NCF On The Trail: Louisville Cardinals

Louisville signed the 30th-best 2015 class and is already off to a great start in 2016. The Cardinals have a good group of receivers on board and look to be in great shape with ESPN Junior 300 quarterback Jawon Pass.

Three-star running back Matt Colburn has landed at Wake Forest, a week after Louisville asked him to delay his enrollment, drawing national headlines.

Colburn made the announcement at his South Carolina high school on Wednesday, and Wake Forest coach Dave Clawson tweeted out the news after the school received his letter of intent.

Colburn drew widespread attention after Tony Grantham told him on Feb. 2 that there was no scholarship available for him in 2015. Instead, he was asked to grayshirt, delaying his enrollment until 2016.

To read Andrea Adelson's full report click here.
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It’s been seven years since a team other than Florida State or Clemson won the ACC’s Atlantic Division, and after the Seminoles and Tigers each signed a top-five recruiting class this year, the balance of power doesn’t appear poised to shift any time soon.

That might be a problem for the ACC overall. With FSU and Clemson jockeying for command of a conference that has struggled to keep up appearances compared with the neighboring SEC, consolidating power at the top while the rest of the league picks up the scraps might not be the best way to convince the public -- or future playoff committees -- that there is more to the ACC than its top two teams.

But what if a great rivalry at the top also means a boon for the teams farther down the ladder? Consider it trickle-down economics for the college football set.

[+] EnlargeDabo Swinney, Jimbo Fisher
Joshua S. Kelly/USA TODAY SportsClemson coach Dabo Swinney, left, and Florida State's Jimbo Fisher lead elite programs that are forcing the rest of the ACC to keep pace.
The last time the ACC signed two top-five classes was in 2008, back when the playoff was a pipe dream, conference realignment was but a whisper, and Deshaun Watson was in the seventh grade. Miami and Clemson put together the nation’s two best signing classes, but neither program saw immediate dividends. An NCAA investigation unmoored any hope the Hurricanes could return to national prominence, and Clemson parted ways with its head coach just eight months after he signed the country’s No. 2 class.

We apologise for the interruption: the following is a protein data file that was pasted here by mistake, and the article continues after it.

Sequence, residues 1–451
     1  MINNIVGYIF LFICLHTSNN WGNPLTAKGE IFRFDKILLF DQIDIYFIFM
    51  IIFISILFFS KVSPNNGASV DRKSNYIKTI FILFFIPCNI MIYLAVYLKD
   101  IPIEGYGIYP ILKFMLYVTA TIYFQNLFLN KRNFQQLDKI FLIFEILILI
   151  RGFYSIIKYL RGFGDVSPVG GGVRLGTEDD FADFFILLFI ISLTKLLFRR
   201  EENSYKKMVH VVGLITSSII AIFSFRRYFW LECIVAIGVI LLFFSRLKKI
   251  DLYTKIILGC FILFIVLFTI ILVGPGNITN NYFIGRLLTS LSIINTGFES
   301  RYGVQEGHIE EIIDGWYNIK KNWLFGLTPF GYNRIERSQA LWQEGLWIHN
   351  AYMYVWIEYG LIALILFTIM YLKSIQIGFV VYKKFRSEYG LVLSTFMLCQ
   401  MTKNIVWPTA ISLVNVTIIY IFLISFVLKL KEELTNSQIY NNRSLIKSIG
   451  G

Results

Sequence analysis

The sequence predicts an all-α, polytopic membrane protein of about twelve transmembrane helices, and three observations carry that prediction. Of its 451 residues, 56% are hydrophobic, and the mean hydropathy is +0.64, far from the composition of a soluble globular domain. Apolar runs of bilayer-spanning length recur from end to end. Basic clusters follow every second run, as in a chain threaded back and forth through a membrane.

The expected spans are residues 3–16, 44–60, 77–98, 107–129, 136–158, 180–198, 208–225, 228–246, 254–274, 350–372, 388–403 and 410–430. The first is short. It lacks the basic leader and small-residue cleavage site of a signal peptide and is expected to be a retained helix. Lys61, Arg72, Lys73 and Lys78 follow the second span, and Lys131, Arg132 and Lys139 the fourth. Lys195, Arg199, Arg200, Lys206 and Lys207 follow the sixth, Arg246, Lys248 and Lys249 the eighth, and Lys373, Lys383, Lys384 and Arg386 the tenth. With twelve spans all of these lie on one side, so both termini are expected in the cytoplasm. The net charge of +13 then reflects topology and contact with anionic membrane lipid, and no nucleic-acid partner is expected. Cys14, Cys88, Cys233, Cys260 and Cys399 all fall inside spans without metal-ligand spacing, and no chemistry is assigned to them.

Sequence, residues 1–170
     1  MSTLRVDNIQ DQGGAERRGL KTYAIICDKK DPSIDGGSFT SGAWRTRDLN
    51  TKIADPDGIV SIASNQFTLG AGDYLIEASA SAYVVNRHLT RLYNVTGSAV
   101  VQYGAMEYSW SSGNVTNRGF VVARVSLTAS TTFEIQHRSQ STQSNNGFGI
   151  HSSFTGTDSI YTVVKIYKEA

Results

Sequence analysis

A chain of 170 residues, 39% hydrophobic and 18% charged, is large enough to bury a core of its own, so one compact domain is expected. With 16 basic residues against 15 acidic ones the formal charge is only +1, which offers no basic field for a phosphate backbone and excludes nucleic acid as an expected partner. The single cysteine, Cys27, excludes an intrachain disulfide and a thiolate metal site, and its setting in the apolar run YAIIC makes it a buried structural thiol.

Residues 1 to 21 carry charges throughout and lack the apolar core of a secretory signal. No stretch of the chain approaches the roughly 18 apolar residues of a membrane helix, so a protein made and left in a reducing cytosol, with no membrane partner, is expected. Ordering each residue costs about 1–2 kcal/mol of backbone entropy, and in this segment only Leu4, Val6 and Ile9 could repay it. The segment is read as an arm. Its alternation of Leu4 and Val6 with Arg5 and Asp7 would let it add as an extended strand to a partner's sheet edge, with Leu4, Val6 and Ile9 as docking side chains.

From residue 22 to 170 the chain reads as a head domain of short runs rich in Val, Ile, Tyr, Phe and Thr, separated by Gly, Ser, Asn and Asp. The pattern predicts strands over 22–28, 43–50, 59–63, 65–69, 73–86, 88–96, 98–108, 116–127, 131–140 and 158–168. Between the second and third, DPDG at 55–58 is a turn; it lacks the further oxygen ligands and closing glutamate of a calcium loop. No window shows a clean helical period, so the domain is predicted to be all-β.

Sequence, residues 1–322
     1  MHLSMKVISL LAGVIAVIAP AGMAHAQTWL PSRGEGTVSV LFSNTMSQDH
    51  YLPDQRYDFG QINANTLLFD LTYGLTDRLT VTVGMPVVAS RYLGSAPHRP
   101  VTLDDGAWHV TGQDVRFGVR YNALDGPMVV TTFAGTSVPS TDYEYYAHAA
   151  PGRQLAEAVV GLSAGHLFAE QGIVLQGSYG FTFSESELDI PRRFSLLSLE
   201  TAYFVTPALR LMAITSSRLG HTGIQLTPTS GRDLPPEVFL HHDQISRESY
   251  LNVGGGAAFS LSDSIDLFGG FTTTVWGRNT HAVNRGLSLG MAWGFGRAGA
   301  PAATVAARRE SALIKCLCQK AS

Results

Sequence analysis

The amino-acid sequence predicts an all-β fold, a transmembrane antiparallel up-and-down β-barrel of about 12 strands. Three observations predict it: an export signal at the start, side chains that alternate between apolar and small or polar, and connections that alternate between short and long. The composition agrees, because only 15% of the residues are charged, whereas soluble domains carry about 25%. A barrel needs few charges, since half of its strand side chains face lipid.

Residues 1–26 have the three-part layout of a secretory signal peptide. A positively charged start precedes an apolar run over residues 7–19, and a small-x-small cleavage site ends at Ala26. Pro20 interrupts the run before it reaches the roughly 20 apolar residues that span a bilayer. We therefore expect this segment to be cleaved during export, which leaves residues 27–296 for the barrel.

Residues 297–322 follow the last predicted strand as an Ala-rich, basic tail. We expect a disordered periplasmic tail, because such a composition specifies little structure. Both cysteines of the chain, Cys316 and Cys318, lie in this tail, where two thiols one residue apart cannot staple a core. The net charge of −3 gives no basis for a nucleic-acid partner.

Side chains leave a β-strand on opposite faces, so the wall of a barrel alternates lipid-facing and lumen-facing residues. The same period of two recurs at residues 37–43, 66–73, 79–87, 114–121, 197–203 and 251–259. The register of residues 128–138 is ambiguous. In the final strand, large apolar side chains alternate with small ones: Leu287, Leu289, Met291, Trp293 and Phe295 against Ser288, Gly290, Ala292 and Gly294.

At the same time, the balance of power was shifting in the SEC. Alabama had hired Nick Saban the year before, and by the end of 2008, the Crimson Tide were back in the national spotlight. Auburn, meanwhile, finished 5-7, and the gauntlet was thrown.

Over the next few years, the longtime rivals traded blows -- on the recruiting trail, on the fund-raising circuit, and on the field. The SEC was already the nation’s preeminent conference, but investment in maintaining that success grew exponentially. Alabama and Auburn paced the growth, but if Georgia and Tennessee and LSU and Florida wanted to keep pace, they had to go all-in, too. Cut-throat coaching changes, major renovations in facilities, bloody recruiting battles, huge pay raises for assistant coaches -- these became the norm. It was an arms race, and the two teams at the top set the pace.